Letters to a Prisoner by Jacques Goldstyn


This wordless book tells the story of a man who held political views in opposition to the government. The differences between the two stances are portrayed symbolically by people carrying signs with orange circles and an army with black squares. During a peaceful protest the man was arrested and thrown in prison.



The illustrations show us what it was like for him in solitary confinement and capture his descent from anger to despair.


His memories while in prison show us the man as an ordinary person with a loving family. It is a reminder that, "there but for fortune, may go you or I."


All kinds of people, old & young, famous and ordinary, from across the globe write letters in many different languages to the man in prison. When the prison is bombarded by these letters, the prisoner is finally freed.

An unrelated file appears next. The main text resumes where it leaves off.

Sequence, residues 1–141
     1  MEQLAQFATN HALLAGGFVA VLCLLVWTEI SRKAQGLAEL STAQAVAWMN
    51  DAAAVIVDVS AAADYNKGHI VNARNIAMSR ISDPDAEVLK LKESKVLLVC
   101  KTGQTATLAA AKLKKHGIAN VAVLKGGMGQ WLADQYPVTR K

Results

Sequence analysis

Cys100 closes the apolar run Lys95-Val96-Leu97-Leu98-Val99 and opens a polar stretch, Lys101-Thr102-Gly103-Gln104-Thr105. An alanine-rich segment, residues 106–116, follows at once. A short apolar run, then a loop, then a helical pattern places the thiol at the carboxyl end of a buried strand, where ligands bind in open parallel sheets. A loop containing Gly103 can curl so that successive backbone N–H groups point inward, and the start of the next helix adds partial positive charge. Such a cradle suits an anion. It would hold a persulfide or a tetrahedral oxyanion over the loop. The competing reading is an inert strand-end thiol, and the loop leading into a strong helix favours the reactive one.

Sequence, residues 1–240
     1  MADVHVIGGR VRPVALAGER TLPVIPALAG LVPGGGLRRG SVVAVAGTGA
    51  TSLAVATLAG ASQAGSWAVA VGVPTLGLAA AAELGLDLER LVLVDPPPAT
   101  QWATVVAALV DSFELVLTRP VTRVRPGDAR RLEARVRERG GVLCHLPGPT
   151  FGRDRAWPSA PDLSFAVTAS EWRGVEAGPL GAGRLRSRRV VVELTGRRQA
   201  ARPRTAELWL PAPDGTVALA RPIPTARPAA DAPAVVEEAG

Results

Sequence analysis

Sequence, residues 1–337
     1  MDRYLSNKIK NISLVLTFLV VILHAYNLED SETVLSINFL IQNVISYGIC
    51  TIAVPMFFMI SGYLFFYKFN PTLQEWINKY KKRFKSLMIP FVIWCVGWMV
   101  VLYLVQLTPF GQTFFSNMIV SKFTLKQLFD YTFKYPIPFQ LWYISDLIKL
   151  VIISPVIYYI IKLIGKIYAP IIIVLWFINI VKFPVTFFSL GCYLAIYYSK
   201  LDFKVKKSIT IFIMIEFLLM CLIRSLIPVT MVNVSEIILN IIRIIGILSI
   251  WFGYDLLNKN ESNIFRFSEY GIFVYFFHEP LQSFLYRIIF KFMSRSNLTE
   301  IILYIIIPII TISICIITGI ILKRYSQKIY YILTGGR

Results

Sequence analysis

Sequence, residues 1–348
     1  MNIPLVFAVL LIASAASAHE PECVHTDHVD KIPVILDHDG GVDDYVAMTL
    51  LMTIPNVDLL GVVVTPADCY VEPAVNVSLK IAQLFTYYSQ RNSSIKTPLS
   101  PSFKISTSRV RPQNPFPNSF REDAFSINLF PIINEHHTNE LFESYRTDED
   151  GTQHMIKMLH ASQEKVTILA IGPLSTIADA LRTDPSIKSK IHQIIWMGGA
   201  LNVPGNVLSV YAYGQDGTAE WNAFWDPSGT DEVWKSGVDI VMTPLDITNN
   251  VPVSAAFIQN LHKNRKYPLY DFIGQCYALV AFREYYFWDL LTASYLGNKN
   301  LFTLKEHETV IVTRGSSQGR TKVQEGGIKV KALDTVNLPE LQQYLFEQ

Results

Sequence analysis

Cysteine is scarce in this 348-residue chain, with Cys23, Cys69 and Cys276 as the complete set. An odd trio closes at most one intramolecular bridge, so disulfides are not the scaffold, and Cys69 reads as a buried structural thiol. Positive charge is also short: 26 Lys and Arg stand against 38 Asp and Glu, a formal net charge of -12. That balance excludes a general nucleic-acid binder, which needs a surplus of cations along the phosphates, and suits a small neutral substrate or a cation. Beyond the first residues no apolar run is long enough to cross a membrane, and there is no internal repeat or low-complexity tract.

The book ultimately highlights the importance of Amnesty International's Write for Rights campaign and shows us the power of letter writing to make change. It does this by bolstering hope and reminding prisoners that they are not alone. Ultimately it can force governments to release people and change their policies.

At the end of the book is a letter from the author providing more information about Amnesty International's Write for Rights campaign.

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